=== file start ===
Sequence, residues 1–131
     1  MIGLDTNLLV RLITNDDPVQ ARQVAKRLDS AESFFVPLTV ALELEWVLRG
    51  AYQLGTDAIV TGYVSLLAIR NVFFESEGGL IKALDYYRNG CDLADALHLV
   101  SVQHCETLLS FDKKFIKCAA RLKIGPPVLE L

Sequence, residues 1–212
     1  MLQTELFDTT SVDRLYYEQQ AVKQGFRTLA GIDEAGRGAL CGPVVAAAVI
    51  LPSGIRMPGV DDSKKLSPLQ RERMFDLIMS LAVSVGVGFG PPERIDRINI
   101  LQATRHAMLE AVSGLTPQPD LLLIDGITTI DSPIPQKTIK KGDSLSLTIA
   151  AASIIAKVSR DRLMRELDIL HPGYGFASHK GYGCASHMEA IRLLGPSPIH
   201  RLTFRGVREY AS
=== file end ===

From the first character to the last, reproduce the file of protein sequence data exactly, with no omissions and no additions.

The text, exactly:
Sequence, residues 1–131
     1  MIGLDTNLLV RLITNDDPVQ ARQVAKRLDS AESFFVPLTV ALELEWVLRG
    51  AYQLGTDAIV TGYVSLLAIR NVFFESEGGL IKALDYYRNG CDLADALHLV
   101  SVQHCETLLS FDKKFIKCAA RLKIGPPVLE L

Sequence, residues 1–212
     1  MLQTELFDTT SVDRLYYEQQ AVKQGFRTLA GIDEAGRGAL CGPVVAAAVI
    51  LPSGIRMPGV DDSKKLSPLQ RERMFDLIMS LAVSVGVGFG PPERIDRINI
   101  LQATRHAMLE AVSGLTPQPD LLLIDGITTI DSPIPQKTIK KGDSLSLTIA
   151  AASIIAKVSR DRLMRELDIL HPGYGFASHK GYGCASHMEA IRLLGPSPIH
   201  RLTFRGVREY AS